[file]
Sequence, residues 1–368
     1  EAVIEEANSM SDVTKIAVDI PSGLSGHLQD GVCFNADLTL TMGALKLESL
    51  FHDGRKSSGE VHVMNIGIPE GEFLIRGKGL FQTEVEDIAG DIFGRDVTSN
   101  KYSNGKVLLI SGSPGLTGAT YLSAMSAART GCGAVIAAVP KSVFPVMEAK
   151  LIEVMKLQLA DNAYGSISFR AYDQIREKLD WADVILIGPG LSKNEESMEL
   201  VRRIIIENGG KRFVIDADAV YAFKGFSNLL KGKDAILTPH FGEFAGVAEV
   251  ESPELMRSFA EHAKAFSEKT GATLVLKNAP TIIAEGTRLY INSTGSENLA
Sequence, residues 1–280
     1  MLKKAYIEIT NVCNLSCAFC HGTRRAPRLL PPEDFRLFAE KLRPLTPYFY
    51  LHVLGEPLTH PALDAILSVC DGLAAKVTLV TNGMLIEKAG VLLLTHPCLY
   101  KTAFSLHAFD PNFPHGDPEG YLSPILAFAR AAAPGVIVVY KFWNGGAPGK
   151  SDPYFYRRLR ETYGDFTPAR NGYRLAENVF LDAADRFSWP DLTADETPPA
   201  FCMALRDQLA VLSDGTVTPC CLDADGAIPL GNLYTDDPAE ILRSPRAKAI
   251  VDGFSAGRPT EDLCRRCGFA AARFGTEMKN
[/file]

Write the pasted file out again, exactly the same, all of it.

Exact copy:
Sequence, residues 1–368
     1  EAVIEEANSM SDVTKIAVDI PSGLSGHLQD GVCFNADLTL TMGALKLESL
    51  FHDGRKSSGE VHVMNIGIPE GEFLIRGKGL FQTEVEDIAG DIFGRDVTSN
   101  KYSNGKVLLI SGSPGLTGAT YLSAMSAART GCGAVIAAVP KSVFPVMEAK
   151  LIEVMKLQLA DNAYGSISFR AYDQIREKLD WADVILIGPG LSKNEESMEL
   201  VRRIIIENGG KRFVIDADAV YAFKGFSNLL KGKDAILTPH FGEFAGVAEV
   251  ESPELMRSFA EHAKAFSEKT GATLVLKNAP TIIAEGTRLY INSTGSENLA
Sequence, residues 1–280
     1  MLKKAYIEIT NVCNLSCAFC HGTRRAPRLL PPEDFRLFAE KLRPLTPYFY
    51  LHVLGEPLTH PALDAILSVC DGLAAKVTLV TNGMLIEKAG VLLLTHPCLY
   101  KTAFSLHAFD PNFPHGDPEG YLSPILAFAR AAAPGVIVVY KFWNGGAPGK
   151  SDPYFYRRLR ETYGDFTPAR NGYRLAENVF LDAADRFSWP DLTADETPPA
   201  FCMALRDQLA VLSDGTVTPC CLDADGAIPL GNLYTDDPAE ILRSPRAKAI
   251  VDGFSAGRPT EDLCRRCGFA AARFGTEMKN